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Now that Miss Fats departs the land of magical peanut she remains loyal to that original pancake.  Peanut Pancake Man and Miss Fats are bonded for life (whether he likes it or not): he changed her mouth-life that day and hooked her on a nut drug that she’ll probably spend the rest of her life trying to find and recreate.  In fact, she’ll probably just quit life, move into a hut and work on her perfect canned corn to peanut sprinkle ratio. If Miss Fats goes missing you know where to find her.  Kind of.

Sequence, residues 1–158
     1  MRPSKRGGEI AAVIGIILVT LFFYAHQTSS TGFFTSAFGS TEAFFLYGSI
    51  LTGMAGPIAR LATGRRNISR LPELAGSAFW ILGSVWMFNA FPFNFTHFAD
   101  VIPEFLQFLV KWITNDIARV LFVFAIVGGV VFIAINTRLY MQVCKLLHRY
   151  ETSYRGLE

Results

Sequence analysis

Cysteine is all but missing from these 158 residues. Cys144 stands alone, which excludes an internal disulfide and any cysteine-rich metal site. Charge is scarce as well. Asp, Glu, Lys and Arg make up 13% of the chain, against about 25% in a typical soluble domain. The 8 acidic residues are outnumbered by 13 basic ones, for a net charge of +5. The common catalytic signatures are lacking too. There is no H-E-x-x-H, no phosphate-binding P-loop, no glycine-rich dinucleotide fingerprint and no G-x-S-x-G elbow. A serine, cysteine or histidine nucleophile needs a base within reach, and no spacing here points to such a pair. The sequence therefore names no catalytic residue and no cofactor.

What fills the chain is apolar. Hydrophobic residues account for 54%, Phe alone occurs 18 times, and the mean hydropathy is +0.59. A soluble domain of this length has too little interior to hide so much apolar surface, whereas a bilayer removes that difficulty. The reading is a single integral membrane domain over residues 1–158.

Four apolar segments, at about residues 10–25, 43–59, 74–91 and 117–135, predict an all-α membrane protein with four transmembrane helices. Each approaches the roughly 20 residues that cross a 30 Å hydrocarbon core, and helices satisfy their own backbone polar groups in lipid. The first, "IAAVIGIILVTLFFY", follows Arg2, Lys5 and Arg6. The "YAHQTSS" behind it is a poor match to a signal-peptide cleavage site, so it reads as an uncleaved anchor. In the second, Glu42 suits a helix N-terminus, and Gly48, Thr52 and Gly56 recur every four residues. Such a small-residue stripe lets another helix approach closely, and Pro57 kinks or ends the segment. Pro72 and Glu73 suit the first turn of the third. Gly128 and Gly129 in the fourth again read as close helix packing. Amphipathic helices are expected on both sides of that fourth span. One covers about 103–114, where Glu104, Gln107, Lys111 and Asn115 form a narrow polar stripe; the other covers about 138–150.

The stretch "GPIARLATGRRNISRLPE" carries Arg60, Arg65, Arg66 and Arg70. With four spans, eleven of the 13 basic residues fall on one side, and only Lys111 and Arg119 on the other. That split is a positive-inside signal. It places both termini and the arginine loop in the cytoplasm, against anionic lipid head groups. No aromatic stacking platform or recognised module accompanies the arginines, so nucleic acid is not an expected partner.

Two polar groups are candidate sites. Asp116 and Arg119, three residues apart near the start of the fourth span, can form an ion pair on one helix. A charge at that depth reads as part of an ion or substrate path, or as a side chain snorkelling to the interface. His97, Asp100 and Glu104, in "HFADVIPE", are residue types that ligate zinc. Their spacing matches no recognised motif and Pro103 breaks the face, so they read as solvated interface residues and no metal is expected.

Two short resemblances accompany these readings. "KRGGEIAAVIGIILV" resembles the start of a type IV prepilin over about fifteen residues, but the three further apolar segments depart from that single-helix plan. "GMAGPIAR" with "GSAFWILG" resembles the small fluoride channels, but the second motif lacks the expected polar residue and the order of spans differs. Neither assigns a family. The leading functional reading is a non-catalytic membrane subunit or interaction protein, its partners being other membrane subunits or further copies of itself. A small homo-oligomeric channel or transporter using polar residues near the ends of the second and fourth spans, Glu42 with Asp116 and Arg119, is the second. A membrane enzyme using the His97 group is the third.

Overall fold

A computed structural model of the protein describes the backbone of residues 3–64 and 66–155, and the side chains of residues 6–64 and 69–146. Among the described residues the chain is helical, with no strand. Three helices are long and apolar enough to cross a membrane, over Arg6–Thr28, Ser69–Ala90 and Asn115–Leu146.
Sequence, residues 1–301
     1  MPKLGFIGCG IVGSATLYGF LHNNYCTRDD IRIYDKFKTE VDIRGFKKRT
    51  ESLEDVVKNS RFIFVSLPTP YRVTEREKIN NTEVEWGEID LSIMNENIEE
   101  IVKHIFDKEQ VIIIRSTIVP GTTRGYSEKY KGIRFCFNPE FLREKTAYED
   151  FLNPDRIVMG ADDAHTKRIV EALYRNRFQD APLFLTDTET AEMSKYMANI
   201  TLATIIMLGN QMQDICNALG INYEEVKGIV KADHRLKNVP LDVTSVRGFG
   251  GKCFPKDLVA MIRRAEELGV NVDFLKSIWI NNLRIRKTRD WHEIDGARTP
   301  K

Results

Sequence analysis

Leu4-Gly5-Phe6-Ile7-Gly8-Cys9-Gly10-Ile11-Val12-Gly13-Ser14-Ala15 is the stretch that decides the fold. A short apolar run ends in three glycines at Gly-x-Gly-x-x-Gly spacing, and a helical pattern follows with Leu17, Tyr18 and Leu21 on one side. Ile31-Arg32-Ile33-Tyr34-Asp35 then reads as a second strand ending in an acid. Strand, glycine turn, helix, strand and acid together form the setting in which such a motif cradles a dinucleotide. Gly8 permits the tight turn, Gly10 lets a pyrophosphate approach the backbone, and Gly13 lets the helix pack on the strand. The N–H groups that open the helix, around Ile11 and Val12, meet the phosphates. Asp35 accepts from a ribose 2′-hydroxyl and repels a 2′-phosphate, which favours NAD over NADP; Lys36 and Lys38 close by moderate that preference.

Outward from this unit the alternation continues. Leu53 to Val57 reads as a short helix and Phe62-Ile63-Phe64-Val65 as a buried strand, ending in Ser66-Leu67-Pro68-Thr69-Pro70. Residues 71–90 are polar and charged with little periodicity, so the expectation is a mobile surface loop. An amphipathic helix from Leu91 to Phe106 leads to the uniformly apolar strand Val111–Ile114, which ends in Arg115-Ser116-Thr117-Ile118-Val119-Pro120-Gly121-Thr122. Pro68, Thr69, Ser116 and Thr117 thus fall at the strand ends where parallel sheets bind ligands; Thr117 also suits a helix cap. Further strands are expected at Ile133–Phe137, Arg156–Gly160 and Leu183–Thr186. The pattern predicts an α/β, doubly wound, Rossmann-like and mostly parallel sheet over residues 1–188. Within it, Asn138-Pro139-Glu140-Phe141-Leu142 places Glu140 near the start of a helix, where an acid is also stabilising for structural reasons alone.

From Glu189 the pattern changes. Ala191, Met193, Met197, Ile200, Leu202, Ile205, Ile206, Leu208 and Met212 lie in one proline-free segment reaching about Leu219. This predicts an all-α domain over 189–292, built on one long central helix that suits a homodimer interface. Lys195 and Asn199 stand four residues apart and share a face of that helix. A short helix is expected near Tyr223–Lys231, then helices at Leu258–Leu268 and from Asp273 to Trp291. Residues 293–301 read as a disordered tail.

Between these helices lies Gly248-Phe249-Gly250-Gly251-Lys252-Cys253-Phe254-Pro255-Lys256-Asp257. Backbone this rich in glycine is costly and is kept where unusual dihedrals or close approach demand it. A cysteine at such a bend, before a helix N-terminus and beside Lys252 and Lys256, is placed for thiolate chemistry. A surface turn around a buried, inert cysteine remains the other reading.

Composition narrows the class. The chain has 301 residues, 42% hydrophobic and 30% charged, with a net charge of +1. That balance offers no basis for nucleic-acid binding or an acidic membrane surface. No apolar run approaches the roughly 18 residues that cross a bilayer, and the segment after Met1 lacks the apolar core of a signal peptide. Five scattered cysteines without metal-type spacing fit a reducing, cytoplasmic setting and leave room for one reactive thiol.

serious biryani business

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Miss Fats apologizes for the radio silence in the last week or so.  She feels like she left you all hungry and hanging with that last post.  The good news is that she is alive, well, and most importantly, full in Malaysia.  She’d like to say more about her time in Seattle, but figures you all deserve a little taste of what’s been happening in Asia. She promises a proper instagram round up of her second week in the PNW in the coming week (there were many new tasty adventures had).